So, what do I want to “get” from writing?
What I want, however, is to give others the same sense of pleasure and peace that I feel when I read a good book. Knowing that I helped contribute to someone else’s positive state of mind means that I shared an intimate piece of myself–and it was happily received. Perhaps even welcomed.
What do you expect to happen from writing and publishing your work(s)?
Honestly? Not a clue.
I hope that I can make enough income from published books to allow me more time, freedom, and security to write fiction and nonfiction on a full-time basis. This would also allow me more time to dedicate to other areas of my life. Tend to my family. Travel. Goodwill. Love. Life.
I could go on, but the focus for the sake of this post is writing.
The goal isn’t to be rich, but to have enough energy and time before I’m decrepit and senile to record all of the stories that have crossed my mind. And there are a lot of stories in my mind.
Since last year, I’m even realizing that some of my stories would do better in screenplay form. So I want to have enough time to see those to fruition on the big screen and the Netflix stream. I want creative control to see my vision in the format that I always envisioned it.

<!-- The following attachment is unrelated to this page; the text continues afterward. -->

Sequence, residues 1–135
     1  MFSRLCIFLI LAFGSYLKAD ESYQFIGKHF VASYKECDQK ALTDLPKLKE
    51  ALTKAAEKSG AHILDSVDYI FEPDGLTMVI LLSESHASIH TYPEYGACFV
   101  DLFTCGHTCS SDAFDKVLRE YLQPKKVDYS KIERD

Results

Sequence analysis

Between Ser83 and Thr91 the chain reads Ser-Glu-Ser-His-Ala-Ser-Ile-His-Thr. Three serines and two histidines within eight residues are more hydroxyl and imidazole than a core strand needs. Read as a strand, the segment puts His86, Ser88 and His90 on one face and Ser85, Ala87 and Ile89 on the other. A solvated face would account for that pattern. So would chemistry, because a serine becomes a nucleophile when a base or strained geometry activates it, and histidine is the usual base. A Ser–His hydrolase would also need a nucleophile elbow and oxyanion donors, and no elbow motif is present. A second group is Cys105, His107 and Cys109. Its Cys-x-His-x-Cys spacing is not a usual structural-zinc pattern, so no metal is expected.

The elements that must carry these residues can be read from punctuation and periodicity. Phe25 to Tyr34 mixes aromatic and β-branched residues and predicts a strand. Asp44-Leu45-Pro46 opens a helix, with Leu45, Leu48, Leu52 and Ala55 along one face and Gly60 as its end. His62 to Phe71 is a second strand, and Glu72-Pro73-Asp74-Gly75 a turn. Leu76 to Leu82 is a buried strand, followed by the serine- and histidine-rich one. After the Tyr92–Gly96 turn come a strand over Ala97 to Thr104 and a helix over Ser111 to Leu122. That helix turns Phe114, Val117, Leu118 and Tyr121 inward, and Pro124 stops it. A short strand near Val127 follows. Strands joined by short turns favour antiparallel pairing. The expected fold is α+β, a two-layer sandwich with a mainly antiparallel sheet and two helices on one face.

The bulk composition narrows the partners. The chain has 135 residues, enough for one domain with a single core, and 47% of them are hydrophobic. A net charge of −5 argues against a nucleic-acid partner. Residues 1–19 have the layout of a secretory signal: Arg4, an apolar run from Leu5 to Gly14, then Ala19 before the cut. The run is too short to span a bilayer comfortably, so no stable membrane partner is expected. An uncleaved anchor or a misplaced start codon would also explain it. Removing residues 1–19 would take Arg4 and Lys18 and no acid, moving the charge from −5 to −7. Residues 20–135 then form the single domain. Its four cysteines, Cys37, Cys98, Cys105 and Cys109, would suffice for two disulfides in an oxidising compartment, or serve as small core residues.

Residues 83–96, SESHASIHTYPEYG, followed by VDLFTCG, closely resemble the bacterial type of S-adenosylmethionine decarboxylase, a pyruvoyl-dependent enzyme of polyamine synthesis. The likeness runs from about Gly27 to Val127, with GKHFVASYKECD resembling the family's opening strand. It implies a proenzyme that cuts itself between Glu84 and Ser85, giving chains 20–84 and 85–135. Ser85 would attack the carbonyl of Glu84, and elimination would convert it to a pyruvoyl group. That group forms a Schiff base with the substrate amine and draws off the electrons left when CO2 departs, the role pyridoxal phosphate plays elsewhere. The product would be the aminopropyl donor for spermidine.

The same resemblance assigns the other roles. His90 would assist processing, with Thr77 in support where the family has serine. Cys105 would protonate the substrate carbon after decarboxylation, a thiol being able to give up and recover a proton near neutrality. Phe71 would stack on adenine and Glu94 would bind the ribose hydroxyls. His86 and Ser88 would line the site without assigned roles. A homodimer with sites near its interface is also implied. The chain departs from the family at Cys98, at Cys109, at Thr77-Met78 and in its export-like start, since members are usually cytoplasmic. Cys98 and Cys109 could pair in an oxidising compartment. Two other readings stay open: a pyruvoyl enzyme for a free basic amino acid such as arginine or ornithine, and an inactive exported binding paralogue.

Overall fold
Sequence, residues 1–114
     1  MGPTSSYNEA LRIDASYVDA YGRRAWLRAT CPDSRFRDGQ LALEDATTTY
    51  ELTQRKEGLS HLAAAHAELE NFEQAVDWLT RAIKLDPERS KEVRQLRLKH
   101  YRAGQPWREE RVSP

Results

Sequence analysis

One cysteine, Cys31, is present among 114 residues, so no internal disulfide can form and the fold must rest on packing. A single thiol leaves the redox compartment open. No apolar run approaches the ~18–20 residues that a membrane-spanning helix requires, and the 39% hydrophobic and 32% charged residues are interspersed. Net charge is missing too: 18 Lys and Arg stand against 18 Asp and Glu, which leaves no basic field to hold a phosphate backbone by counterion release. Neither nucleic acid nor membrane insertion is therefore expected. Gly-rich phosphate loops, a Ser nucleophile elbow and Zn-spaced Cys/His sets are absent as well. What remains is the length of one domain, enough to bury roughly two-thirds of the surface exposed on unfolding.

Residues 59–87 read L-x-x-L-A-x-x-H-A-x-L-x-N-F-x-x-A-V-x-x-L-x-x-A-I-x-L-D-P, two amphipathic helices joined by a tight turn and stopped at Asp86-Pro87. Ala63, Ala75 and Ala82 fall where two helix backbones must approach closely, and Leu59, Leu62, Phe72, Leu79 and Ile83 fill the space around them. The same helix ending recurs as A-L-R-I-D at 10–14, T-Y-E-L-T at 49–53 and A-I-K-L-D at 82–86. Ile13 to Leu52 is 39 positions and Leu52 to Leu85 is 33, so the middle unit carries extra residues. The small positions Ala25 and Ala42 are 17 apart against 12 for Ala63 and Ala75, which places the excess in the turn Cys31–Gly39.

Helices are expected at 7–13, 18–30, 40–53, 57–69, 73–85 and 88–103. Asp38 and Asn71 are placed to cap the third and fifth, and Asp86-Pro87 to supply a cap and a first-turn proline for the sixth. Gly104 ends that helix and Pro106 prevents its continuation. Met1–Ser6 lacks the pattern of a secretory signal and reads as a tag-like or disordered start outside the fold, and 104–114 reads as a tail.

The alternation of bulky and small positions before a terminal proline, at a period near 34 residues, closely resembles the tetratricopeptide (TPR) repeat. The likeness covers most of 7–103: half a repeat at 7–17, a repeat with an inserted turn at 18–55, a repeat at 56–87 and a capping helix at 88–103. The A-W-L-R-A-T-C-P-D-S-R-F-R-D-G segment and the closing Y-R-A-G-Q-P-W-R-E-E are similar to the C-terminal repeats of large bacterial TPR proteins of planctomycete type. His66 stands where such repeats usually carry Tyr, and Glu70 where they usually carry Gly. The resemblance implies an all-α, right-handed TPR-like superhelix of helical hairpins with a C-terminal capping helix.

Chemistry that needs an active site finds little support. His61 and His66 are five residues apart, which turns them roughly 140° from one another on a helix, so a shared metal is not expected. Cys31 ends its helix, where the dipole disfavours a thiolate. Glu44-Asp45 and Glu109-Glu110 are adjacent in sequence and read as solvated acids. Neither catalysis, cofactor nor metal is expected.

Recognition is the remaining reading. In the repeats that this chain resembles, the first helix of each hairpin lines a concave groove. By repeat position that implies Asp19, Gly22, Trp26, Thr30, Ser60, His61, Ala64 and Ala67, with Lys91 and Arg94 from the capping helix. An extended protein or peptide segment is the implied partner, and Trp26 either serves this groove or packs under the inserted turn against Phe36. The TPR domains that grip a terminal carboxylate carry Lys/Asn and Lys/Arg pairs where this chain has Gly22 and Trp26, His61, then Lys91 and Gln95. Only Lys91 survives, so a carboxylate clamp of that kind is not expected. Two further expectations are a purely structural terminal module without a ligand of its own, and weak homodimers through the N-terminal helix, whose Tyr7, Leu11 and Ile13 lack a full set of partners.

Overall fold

I’ve begun writing like I’m running out of time, because I don’t know what tomorrow will bring.
Are you looking to see how your work is received or viewed by others (impact)? Are you looking for fame and fortune?
I’m not going to lie–would it be cool to win a Nobel Prize for Literature? A Pulitzer for Fiction? A Hugo Award? A Nebula Award?
Would I be ecstatic to disover that I’ve made the New York Times Best Seller list? #1 for more weeks than anyone ever?
Would I stare, speechless, from receiving an invitation to meet Oprah as she unveils me as her latest top addition to Oprah’s Book Club?
…Why yes. It would all be quite lovely.
But, that’s not why I write. If I wrote with that mindset all the time, I’d be scared excrement-less.